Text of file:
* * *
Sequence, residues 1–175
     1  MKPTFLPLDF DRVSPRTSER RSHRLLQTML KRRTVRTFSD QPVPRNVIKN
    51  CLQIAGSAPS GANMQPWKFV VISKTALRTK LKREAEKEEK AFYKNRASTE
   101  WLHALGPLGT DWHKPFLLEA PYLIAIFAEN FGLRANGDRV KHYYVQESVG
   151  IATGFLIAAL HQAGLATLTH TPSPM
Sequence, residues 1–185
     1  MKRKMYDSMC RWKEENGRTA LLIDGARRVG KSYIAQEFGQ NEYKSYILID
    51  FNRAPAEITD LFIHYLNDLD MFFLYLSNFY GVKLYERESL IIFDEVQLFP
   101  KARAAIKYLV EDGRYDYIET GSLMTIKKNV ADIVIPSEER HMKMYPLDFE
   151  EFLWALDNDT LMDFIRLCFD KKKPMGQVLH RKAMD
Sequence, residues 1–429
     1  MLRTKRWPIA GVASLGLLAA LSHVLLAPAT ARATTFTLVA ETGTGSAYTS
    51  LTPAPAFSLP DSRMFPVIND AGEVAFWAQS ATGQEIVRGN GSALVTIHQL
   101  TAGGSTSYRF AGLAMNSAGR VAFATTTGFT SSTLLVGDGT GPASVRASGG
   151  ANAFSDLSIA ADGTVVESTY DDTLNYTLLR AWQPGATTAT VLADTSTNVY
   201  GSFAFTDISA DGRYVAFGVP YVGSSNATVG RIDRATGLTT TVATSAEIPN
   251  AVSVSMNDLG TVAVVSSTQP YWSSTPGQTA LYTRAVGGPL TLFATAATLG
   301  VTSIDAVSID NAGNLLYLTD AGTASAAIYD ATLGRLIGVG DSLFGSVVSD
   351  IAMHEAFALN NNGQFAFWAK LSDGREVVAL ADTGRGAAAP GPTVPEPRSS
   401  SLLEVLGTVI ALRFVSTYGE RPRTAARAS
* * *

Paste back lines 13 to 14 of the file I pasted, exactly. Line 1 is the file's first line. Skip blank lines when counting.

    51  LTPAPAFSLP DSRMFPVIND AGEVAFWAQS ATGQEIVRGN GSALVTIHQL
   101  TAGGSTSYRF AGLAMNSAGR VAFATTTGFT SSTLLVGDGT GPASVRASGG